“We committed to NASA that we would resume CRS cargo delivery missions as soon as possible under a comprehensive ‘go-forward’ plan after the Antares launch failure last October,” said David W. Thompson, President and Chief Executive Officer of Orbital ATK. “Since that time our team has been sharply focused on fulfilling that commitment. With a Cygnus mission slated for later this year and at least three missions to the Space Station planned in 2016, we are on track to meet our CRS cargo requirements for NASA.”
Three main CRS program efforts are simultaneously underway, including preparing the enhanced Cygnus spacecraft for the next ISS cargo mission (OA-4) to launch aboard an Atlas V rocket this December; upgrading the Antares rocket by integrating and testing the new RD-181 main engines with the modified first stage core structure; and working with the Mid-Atlantic Regional Spaceport (MARS) to complete repairs to the Pad 0A launch complex at Wallops Island to support the resumption of CRS missions from Wallops Island in early 2016.
Preparations for the OA-4 Mission
Orbital ATK will launch its next Cygnus spacecraft to the ISS aboard an Atlas V rocket supplied by United Launch Alliance (ULA) from Cape Canaveral, Florida in early December. This mission will fly the extended Cygnus Pressurized Cargo Module (PCM) which will carry approximately 3,500 kg or 7,700 pounds of supplies to station.
“During our first three missions, we delivered 3,629 kilograms to the space station, about the weight of two F-150 pickup trucks,” said Frank DeMauro, Vice President of Human Space Systems for the Civil and Defense Division of Orbital ATK’s Space Systems Group. “Just as important, we’ve taken away more cargo than we’ve delivered, which is a very valuable service to NASA. Starting on our next mission, the extended PCM will greatly increase the amount of cargo we can carry.”
The company also recently contracted with ULA for a second Atlas V rocket that will be used to launch an additional CRS mission in 2016 in order to provide NASA with the maximum cargo load Cygnus can carry.
“In 2016, we will carry out at least three CRS missions, leading off with a second Atlas V launched mission from Florida, followed by the return of operations to the Wallops Flight Facility where we will continue CRS missions on an upgraded Antares,” said Frank Culbertson, President of Orbital ATK’s Space Systems Group. “The plan capitalizes on the flexibility of Cygnus to launch on either vehicle and provides better schedule assurance for our customer.”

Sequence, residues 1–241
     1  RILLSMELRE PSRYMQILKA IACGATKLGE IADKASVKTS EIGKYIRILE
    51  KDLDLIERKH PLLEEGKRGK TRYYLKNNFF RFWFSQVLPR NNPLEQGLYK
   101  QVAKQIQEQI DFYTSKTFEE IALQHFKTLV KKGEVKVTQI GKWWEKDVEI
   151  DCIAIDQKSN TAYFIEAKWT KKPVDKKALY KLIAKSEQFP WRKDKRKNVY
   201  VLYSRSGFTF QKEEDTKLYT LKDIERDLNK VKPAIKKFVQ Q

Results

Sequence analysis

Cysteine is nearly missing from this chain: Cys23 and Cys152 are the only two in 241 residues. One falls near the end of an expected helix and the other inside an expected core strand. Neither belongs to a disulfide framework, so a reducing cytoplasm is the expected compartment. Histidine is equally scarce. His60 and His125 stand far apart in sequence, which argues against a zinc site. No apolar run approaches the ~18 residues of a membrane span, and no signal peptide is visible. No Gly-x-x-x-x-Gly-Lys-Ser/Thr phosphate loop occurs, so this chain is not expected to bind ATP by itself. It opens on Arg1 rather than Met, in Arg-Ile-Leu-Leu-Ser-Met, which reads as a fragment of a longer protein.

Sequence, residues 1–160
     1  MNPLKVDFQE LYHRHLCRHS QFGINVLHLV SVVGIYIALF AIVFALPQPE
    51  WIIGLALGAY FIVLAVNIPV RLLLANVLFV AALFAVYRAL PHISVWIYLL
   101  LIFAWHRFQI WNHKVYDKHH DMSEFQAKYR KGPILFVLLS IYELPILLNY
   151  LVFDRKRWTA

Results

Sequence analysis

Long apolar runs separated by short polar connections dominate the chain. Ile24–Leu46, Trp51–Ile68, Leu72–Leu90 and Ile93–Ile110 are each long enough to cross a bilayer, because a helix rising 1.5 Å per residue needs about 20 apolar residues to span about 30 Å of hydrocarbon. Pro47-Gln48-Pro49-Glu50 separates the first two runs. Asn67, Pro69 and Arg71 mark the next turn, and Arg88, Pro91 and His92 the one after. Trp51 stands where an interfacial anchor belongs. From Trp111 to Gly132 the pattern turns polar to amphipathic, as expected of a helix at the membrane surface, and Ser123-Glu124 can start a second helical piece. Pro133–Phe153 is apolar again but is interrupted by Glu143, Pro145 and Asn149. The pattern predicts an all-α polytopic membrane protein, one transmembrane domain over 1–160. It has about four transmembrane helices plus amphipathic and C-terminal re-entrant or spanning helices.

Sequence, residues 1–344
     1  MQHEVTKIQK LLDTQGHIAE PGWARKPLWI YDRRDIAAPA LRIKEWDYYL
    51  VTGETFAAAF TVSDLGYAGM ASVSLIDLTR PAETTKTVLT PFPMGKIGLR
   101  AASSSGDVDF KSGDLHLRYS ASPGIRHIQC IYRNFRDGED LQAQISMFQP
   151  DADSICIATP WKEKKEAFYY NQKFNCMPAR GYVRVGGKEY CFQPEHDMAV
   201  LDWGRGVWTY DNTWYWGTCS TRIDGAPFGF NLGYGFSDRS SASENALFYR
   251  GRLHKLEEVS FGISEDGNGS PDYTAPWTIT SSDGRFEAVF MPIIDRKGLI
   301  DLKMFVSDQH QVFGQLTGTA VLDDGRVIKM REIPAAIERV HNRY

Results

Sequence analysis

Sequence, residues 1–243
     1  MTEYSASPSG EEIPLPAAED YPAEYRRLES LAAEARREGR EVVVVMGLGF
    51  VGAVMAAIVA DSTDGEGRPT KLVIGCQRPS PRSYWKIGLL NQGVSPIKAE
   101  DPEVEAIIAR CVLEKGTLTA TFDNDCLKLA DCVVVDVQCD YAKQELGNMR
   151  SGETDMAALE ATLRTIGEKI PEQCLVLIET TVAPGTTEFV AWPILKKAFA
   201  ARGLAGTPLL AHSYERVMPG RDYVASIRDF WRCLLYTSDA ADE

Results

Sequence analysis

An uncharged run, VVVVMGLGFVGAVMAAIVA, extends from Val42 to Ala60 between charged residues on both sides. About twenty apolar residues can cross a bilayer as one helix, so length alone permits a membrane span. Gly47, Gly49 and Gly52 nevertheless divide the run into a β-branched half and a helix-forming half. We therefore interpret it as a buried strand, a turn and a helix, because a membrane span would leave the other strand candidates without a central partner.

In addition to the larger PCM for the upcoming CRS missions, the spacecraft will utilize the latest in lightweight and space-qualified power system technology with the addition of the company’s Ultraflex solar arrays.
“These planned upgrades to our Cygnus spacecraft enable us to carry larger quantities of cargo that support the important work being performed aboard the ISS,” said Frank Culbertson, President of Orbital ATK’s Space Systems Group. “Our ability to achieve these milestones on an accelerated timeline demonstrates our flexibility and responsiveness to customer needs.”
The pressurized cargo module for the OA-4 mission arrived at Kennedy Space Center (KSC) in early August, with the service module arriving in October. Integration with the launch vehicle will begin in November at KSC prior to its integration with the Atlas V rocket for an early December launch.
Antares Return-to-Flight Progress
Orbital ATK’s Antares program remains on schedule to commence flight operations from NASA’s Wallops Flight Facility in 2016. Following the completion of certification and acceptance testing of the RD-181, the first dual-engine ship-set arrived at the Antares integration facilities at Wallops Island in mid-July.
“The RD-181 engine provides extra thrust and higher specific impulse, significantly increasing the payload capacity of the Antares rocket. This state-of-the-art propulsion system is a direct adaptation of the RD-191 engine, which completed an extensive qualification and certification program in 2013, accumulating more than 37,000 seconds of total run time,” said Mr. Scott Lehr, President of Orbital ATK’s Flight Systems Group.
Antares program engineers and technicians integrated the two RD-181 engines with a newly designed and built thrust frame adapter and modified first stage airframe. Nnew propellant feed lines and first stage avionics systems will be delivered to Wallops to support full vehicle integration. Orbital ATK plans to conduct a “hot fire” test on the launch pad in early 2016 to verify the vehicle’s operational performance and compatibility of the MARS launch complex.
“The team continues to make great progress in the Antares return to flight efforts,”said Mike Pinkston, Vice President and General Manager of Orbital ATK’s Antares Program. “Significant progress has been made in the manufacture and test of the modified hardware components, avionics and software needed to support the new engines. The first set of flight engines have been delivered, and the second ship set is expected in the fall. The integration of our first launch vehicle is well underway and we are solidly on track to resume flying Antares in 2016.”
Status of MARS Launch Pad Repairs
Repairs of the MARS Pad 0A launch facility at Wallops Island are currently underway and are scheduled to be completed within the next eight weeks. Working with MARS, Orbital ATK has installed an upgraded hydraulic system used to erect Antares vertically on the pad, which recently completed testing and certification. Other launch pad systems are on track to comfortably support the on-pad Antares “hot fire” test late this year or in early 2016.